But Goldman and KKR are getting more than just the notes. They are getting an option to buy the stock. Typically, a convertible note is linked to a share price that places the option currently out of the money. But if we follow through on the idea that Goldman and KKR are buying the notes at a discount, we can see that these are actually currently in the money. The $104 a share translates into 3.8 million shares for $400 million of notes. Those shares are now trading at $85, which means that the buyers have entitled themselves to $326 million of shares for just $175 million dollars.
To put it even differently, after the discount, the deal prices the shares at $59. We’re not sure that’s exactly the “vote of confidence” in Harmon that its executives are touting. Harman may now have an additional $175 million for a buyback but this seems a steep price to pay for that money.
Of course, if you figure that break-up fees are not sunk costs for dead deals because the buyers aren’t ever going to pay them anyway—a growing trend from private equity buyers, to be sure—then we guess it does sound like great deal for Harman. It’s probably just our short-sighted stinginess that makes us think in terms of additional, incremental dollars in the deal rather than the complete $400 million package.
KKR and GS Capital Partners to Invest in Harman International [Press release via Market Watch]

  • 10 Oct 2007 at 1:36 PM
  • Citigroup

KKR Might Be Timing The LBO Loan Market

KKRIPOPULLED.JPGThe market for LBO loans has opened up since the catastrophe of August. By offering the loans to investors at a discount, and eating the loss, the banks that committed to make them have begun to clear them off their books But, as the Wall Street Journal’s Henny Sender reports today, the amount of loans that have been sold—about $30 billion—are “a drop in the bucket” compared to the total of $310 billion of LBO loans still waiting to be placed. And that’s just from North American deals. Nearly a third of that is set to come into the market in the next thirty days, according to the Journal.
This data may shed new light on the reported plan of KKR to buy LBO loans from Citi, including LBO loans that went to finance KKR deals, and Citi’s reported plan to lend money to KKR to buy those loans. After speaking to several loan syndication professionals, we have come up with what looks like the logic of this deal.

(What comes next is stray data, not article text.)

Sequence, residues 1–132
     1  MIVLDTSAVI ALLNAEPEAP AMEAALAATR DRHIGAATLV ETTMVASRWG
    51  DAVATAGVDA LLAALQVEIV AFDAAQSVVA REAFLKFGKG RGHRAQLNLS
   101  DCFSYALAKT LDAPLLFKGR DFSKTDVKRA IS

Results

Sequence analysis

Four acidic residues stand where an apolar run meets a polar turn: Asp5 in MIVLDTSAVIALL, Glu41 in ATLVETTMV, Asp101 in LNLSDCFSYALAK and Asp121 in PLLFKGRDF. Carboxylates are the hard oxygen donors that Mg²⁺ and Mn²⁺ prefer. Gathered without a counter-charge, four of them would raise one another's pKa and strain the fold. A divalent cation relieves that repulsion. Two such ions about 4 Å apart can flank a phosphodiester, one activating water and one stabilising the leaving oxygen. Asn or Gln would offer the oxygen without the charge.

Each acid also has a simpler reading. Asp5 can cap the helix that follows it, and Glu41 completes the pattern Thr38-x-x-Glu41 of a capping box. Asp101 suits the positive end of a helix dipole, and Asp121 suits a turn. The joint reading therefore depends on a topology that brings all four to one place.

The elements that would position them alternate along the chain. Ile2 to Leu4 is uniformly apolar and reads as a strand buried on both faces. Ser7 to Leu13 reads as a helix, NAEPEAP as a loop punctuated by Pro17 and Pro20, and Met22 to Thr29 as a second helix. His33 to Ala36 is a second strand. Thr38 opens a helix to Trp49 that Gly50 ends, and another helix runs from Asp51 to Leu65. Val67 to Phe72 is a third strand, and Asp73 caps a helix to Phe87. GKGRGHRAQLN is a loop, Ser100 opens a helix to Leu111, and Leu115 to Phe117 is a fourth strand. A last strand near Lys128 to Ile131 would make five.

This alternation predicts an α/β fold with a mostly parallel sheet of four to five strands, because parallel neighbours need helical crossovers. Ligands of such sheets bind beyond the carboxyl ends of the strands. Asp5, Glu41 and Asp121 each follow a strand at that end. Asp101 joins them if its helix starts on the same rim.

The banks are worried that while there has been some investor appetite for LBO loans, there may not be enough to absorb the total amount they plan to bring to market. A flood of new loans selling into lowered demand could put pressure on the banks to make even steeper discounts, creating even larger losses at a time when the banks are attempting to put the legacy of credit market losses behind them. The alternative—keeping the loans on the books and hoping for better days ahead—is no better for banks trying to show shareholders that they cleaned the debt mess off their books.
Enter KKR. Without public shareholders and armed with lock-up agreements from investors, it can take a longer view of the debt market. Although a lot of debt is currently scheduled to come to market in the coming weeks and months, there may be a drought of those loans just over the horizon. The slowdown of leveraged-buyout deals this summer means that there will, eventually, be fewer loans coming to market. And this drought could hit just when investor appetite for debt is recovering. At that point, KKR would be in a great position to sell the loans at prices above the discounted price at which they bought them from Citi.
At the same time, Citi might be comfortable sitting on newer loans which it can claim it is syndicating on schedule rather than older loans. This is a sleight of hand but one that shows at least a certain kind of agility that Citi may hope will please investors. Citi too could hope to take advantage of a renewed appetite for debt and the coming LBO loan drought, and sell those loans at par, reducing losses that it might have incurred selling into a flooded market now.
We’ve said it before, but we’ll say it again: different time horizons create different profit opportunities. The logic of “if they’re buying, why are you selling” assumes a homogenous market of buyers and sellers, when in fact the market is characterized by heterogeneity. And private equity firms—at least those that don’t feel answerable for stock prices to public shareholders—are often in a position to take advantage of opportunities only available to those with longer time horizons.
Damn it must feel good to be a Kravister.
Debt on Sale: Banks Grease The Leveraged-Loan Machine [Wall Street Journal]

  • 04 Oct 2007 at 11:43 AM
  • Banks

Citigroup Looks To Lend Money To KKR To Buy Citigroup’s Loans

pay_it_forward_big.jpgLet’s see if we have this straight. Citigroup wants to sell off some on the leverage loans it committed to before the credit crunch. Many of those loans were made to private equity owned companies for leverage buyouts, including companies that KKR bought. A fund managed by KKR is looking to buy the leveraged loans, which it believes are under-priced in the wake of the credit market turmoil. But everyone knows KKR doesn’t buy anything with cash: it borrows the money. So now, according to the Financial Times, Citigroup might lend money to KKR to buy Citigroup’s loans.
This is very possibly the best story ever. The only way it could get better is if KKR went on to buy the loans used to buy loans from Citigroup. And, of course, Citigroup lent it the money for that. And then, well, you get the point. In the end of our fantasy, Citigroup’s stock get’s hammered by investors skeptical of this snake-eating-its-tail lending scheme. And get bought out by KKR. With loans from….
Insiders report that credit market expert Charles Ponzi has been retained as an adviser to both Citigroup and KKR for the transaction.
Citigroup talks to KKR about leveraged debt [Financial Times]